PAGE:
Some moviegoers fainted during festival screenings of “127 Hours,” when mountain climber Aron Ralston cuts off his lower right arm to free himself from a giant boulder.
Don’t let those reports scare you away from Danny Boyle’s daring, spine-tingling drama, which features a remarkable performance by James Franco as the real-life adventurer who spent six days trapped in a remote Utah canyon after falling during a weekend hike in 2003.
Most of the 90-minute movie takes place inside that narrow canyon, where Ralston survives with a meager supply of food and water, a dull utility knife and a steely determination. Except for a brief encounter with two women hikers, periodic flashbacks and his helicopter rescue, Franco commands the screen by himself.
We see him chiseling away at the rock, carving his name on the wall and using his camcorder to record what he assumes will be a video farewell to friends and family. We watch him run out of water and resort to drinking his own urine. We hear him narrate his predicament in a mock TV appearance accompanied by canned laughter.
As much as I wanted to look away at times, I couldn’t because Franco is mesmerizing. He portrays despair and hope with equal alacrity. He laughs, he cries and he shouts without resorting to hammy tricks or tearjerker conventions. He makes his own special effects.
So does Boyle, a British cult director before gaining worldwide fame for “Slumdog Millionaire.” He jazzes things up with dreamy flashbacks to Ralston’s childhood, chilling close- ups of the climber’s face as he struggles to escape and an adrenaline-pumping soundtrack.
But Boyle never loses sight of the central story, which is the overwhelming urge to live in the face of death.
When Ralson starts hacking away at his arm with that dull knife, the squeamish may have to close their eyes. Everyone else will watch with awe and wonder.
“127 Hours,” from Fox Searchlight Pictures,” now playing in New York and Los Angeles. Rating: ***1/2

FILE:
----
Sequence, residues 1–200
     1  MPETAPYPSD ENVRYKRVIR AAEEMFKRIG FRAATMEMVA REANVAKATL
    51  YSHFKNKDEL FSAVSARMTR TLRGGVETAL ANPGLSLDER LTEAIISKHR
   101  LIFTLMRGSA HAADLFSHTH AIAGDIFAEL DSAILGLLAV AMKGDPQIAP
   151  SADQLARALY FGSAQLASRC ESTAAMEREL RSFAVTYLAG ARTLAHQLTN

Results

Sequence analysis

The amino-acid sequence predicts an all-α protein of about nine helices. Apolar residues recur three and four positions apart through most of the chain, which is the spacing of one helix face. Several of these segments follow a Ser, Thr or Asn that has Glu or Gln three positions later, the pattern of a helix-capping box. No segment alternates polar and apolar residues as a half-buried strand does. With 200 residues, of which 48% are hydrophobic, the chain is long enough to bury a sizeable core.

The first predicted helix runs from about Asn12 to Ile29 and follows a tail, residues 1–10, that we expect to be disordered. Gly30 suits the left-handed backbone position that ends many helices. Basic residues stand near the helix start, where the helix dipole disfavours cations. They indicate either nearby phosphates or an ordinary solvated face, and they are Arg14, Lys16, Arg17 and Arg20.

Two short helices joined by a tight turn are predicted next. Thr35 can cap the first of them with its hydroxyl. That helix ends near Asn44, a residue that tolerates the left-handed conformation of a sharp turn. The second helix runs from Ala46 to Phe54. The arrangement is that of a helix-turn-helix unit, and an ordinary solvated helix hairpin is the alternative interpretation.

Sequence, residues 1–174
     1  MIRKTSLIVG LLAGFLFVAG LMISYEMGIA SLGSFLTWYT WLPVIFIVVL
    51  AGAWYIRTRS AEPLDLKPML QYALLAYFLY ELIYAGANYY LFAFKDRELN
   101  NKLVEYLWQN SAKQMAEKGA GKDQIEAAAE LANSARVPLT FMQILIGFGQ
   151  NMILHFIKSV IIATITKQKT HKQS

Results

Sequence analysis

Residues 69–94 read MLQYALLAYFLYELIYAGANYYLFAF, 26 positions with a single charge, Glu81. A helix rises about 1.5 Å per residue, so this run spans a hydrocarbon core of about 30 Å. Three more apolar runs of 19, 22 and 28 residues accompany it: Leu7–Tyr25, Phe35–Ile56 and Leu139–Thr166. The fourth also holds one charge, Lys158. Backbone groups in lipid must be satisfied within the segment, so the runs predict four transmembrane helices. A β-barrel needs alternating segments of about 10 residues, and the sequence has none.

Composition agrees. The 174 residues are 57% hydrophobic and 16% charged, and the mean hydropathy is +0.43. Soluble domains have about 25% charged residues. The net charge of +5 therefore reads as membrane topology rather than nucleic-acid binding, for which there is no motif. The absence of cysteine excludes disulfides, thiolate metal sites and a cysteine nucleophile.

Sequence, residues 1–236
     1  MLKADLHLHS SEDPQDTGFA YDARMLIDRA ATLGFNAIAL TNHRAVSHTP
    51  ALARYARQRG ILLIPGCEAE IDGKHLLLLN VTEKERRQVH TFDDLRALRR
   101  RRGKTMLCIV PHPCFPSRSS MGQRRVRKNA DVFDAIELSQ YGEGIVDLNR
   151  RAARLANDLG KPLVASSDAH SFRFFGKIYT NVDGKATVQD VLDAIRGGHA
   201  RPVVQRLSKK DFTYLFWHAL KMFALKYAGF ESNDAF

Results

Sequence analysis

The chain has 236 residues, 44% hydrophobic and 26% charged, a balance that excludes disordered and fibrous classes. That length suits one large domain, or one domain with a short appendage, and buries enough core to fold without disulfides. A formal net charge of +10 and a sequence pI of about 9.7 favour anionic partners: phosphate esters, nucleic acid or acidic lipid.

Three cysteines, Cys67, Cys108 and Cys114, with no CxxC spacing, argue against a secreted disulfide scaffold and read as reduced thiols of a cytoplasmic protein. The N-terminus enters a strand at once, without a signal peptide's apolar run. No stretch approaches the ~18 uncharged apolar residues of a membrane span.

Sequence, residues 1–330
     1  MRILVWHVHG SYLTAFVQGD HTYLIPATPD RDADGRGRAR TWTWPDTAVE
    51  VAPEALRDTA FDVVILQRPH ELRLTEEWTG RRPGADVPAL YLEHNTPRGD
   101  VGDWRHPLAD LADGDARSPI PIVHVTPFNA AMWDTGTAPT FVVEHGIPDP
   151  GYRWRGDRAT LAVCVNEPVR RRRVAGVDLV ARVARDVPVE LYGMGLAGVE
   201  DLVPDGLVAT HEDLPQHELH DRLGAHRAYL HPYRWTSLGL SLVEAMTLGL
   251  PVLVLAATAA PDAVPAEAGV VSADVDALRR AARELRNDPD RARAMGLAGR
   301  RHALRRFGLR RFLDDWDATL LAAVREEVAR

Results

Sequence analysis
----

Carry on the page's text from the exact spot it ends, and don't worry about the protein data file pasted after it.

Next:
Ethan Tremblay is a doltish actor who carries his late father’s ashes in a coffee can, never goes anywhere without his French Bulldog and pretends to have glaucoma to justify his marijuana habit. Peter Highman is a tightly wound architect who’s about to fly home to witness the birth of his first child.
When their paths cross at the Atlanta airport and they end up on a no-fly list, it leads to a bizarre cross-country trip to Los Angeles that includes a car plunging off an overpass, an arrest at the Mexican border, an accidental shooting and a butt- kicking by a wheelchair-bound vet.
“Due Date,” starring Robert Downey Jr. and Zach Galifianakis, is an amiable, slapdash comedy that follows in the footsteps of other odd-couple road movies like “Midnight Run” and “Planes, Trains and Automobiles.”
But with its first-class comic pedigree -- it was written by Alan R. Cohen and Alan Freedland (TV’s “King of the Hill”) and directed by Todd Phillips (“The Hangover”) -- it should be funnier.
Downey and Galifianakis make a fine mismatched pair, and Juliette Lewis has a hilarious cameo as a drug-dealing mom. But Jamie Foxx is wasted as an old friend of Highman’s and the inevitable rapprochement between the traveling companions gets a little too touchy-feely.
“Due Date,” from Warner Bros. Pictures, now playing across the U.S. Rating: **1/2
What the Stars Mean: **** Excellent *** Good ** Average * Poor (No stars) Worthless
(Rick Warner is the movie critic for Muse, the arts and leisure section of Bloomberg News. Opinions expressed are his own.)
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